One day at kindergarten a Teacher said to the class of 5-year-olds, “I’ll give £20 to the child who can tell me who was the most famous person who ever lived.”

 A little Irish boy put his hand up and said, “It was St. Patrick.” The Teacher said, “Sorry Seamus, that’s not correct.”

 Then a little Scottish boy put his hand up and said, “It was St. Andrew.” The Teacher replied, “I’m sorry, Hamish, that’s not right either.”

 Finally, a little Jewish boy raised his hand and said, “It was Jesus.” The teacher said, “That’s absolutely right, Chaim. Come up here and I’ll give you the £20.” As the Teacher was giving Chaim his money, she said, “You know, Chaim, since you’re Jewish, I was very surprised you said, ‘Jesus.” Chaim replied, “Yeah. In my heart, I knew it was Moshe, but business is business…”

All too often, the term “business is business” is used to justify unethical actions and behaviours. The cardinal principle in business is to maximise profit – and an in the process, feelings, ethics and morality are sometimes negated.

This week’s parshah picks up on precisely this conflict. Behar deals extensively with the laws relating to how Jews are to conduct themselves in business. We learn this out through the laws relating to shmitta[1],  yovel[2], ribbis[3], and ona’ah[4]. We refer to a few extracts below:

Speak to the children of Israel and you shall say to them: When you come to the land that I am giving you, the land shall rest a Sabbath to the Lord.                      

דַּבֵּר אֶל בְּנֵי יִשְׂרָאֵל וְאָמַרְתָּ אֲלֵהֶם כִּי תָבֹאוּ אֶל הָאָרֶץ אֲשֶׁר אֲנִי נֹתֵן לָכֶם וְשָׁבְתָה הָאָרֶץ

 And when you make a sale to your fellow Jew or make a purchase from the hand of your fellow Jew, you shall not wrong one another.

 וְכִי תִמְכְּרוּ מִמְכָּר לַעֲמִיתֶךָ אוֹ קָנֹה מִיַּד עֲמִיתֶךָ אַל תּוֹנוּ אִישׁ אֶת אָחִיו:

You shall not take from him interest or increase, and you shall fear your God, and let your brother live with you.

אַל תִּקַּח מֵאִתּוֹ נֶשֶׁךְ וְתַרְבִּית וְיָרֵאתָ מֵאֱלֹהֶיךָ וְחֵי אָחִיךָ עִמָּךְ:

Much ink has been spilt on these topics, and it is beyond the scope of this article to explore them in depth. However, we can focus here on the final pasuk (verse) regarding the laws of taking interest from a fellow Jew. The Chasam Sofer notes that from this pasuk we derive a source for the famous statement from chazal (the Torah Sages), that a Jew who lends money with interest will not merit to be resurrected in the times of the Moshiach[5]. In order to appreciate the connection between the two statements, we need to comprehend the correlation between אַחְדוּת (unity) and תְּחִיַּת הַמֵּתִים (resurrection of the dead).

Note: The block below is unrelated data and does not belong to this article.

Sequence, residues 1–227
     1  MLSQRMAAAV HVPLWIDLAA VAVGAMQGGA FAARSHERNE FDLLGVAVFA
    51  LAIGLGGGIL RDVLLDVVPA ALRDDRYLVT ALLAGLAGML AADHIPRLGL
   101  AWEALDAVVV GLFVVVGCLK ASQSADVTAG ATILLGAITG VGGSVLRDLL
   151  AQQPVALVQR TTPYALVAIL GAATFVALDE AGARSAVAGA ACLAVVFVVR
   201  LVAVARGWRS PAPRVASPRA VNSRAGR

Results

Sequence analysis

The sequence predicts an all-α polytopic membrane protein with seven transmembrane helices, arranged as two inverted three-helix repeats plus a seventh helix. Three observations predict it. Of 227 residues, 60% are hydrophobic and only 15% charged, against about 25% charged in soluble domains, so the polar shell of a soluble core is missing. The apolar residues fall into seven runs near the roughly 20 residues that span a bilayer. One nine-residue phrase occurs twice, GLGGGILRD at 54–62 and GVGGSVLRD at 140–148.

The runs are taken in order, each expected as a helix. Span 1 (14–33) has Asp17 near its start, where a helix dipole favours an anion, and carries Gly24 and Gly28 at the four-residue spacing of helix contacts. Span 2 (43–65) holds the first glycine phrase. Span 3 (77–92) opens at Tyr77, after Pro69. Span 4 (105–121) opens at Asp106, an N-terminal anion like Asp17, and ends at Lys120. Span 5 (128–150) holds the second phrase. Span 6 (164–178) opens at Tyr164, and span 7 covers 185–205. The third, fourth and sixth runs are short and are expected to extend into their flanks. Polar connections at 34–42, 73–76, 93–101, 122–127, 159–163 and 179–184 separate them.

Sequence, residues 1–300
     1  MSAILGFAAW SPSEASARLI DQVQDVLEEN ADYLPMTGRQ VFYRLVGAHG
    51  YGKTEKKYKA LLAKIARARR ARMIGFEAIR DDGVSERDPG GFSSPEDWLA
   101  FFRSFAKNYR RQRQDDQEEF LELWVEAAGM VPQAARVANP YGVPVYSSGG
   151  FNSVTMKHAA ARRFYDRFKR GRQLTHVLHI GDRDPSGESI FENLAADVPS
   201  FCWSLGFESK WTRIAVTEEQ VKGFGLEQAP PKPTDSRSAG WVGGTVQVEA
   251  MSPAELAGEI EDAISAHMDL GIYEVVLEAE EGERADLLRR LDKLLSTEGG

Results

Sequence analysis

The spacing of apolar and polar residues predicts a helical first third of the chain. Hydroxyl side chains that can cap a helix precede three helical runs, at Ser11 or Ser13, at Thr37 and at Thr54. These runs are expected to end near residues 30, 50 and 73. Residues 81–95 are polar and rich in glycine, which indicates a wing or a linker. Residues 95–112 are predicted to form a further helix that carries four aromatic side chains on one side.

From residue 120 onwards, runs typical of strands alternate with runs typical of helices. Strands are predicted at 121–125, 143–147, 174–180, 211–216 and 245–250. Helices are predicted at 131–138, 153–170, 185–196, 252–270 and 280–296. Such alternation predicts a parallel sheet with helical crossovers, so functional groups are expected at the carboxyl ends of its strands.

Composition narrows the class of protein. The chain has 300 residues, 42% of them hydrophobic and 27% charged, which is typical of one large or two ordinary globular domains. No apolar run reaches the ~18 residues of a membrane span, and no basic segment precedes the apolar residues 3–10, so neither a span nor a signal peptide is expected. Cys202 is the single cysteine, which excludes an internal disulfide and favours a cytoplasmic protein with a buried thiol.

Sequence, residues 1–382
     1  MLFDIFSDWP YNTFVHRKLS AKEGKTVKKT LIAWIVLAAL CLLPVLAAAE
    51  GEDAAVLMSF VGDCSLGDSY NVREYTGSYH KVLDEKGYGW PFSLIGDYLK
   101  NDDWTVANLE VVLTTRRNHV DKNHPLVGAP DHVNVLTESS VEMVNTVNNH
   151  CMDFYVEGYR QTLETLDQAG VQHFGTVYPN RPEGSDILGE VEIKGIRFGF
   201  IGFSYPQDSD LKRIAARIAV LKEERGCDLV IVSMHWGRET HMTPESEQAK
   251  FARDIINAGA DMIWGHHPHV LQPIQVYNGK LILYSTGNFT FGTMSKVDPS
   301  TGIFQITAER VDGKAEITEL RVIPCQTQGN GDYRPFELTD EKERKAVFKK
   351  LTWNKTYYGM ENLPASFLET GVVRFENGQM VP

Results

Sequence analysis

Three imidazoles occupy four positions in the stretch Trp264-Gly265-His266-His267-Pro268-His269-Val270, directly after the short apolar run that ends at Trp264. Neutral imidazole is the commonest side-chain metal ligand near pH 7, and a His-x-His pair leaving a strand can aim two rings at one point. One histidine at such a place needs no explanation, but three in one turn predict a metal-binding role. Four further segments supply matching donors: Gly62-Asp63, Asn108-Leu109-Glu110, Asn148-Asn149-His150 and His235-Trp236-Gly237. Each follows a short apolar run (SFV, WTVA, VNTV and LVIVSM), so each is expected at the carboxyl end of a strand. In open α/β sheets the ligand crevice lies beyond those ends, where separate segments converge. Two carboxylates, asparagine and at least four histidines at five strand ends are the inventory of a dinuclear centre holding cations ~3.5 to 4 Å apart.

The underlying premise of the resurrection is that all Jews, regardless of whether they are alive or deceased, are connected to each other as well as to Hashem. Even those who are no longer alive are very much a part of klal yisrael. A withering branch, which has for the time being ceased to produce fruit, may still be connected to the rest of the tree. So too, the deceased who are no longer with us, are still an integral part of the Jewish people, which itself is inseparably linked to Hashem – and they will eventually come back to life.

The usurer, who insists upon charging interest to another Jew, ignores the Torah’s plea that we should treat each other as brothers – who would not charge each other a fee for borrowing money. In doing so, such a person is denying the inherent unity between all Jews and Hashem. As a result of this destructive attitude, he is cut off from the Jewish people. Unlike all the other branches on the tree, he has cut himself from the root. He has cut himself from Hashem and from his brethren, and as such will be unable to benefit from resurrection.  The Torah itself warns the usurer of the grave consequences of his behaviour by pleading with him – immediately after the instruction regarding interest, the Torah warns, “you shall fear Hashem.” Our actions have direct consequences.

After all, we are all part of the same family, so why demand interest? May we only have each other’s best interests in our heart, and not their interest in our pockets.

Good Shabbos!

The Working Jew.

[1] The seventh year of the seven-year agricultural cycle where the land is left to lie fallow and all agricultural activity ceases.

[2] The Jubilee year, which takes place following seven cycles of shmita, has a special impact on the ownership and management of land in the Land of Israel. There are also implications for property rights more generally: slaves and prisoners would be freed, debts would be forgiven, and the mercy of Hashem would be particularly manifest.

[3] The Torah strictly forbids the collection or payment of interest on a loan granted from one Jew to another.

[4] The laws relating to monetary deception, in particular unfair pricing. The word is used in modern Hebrew to describe fraud or embezzlement.

[5] Shemos Rabbah, 31:6

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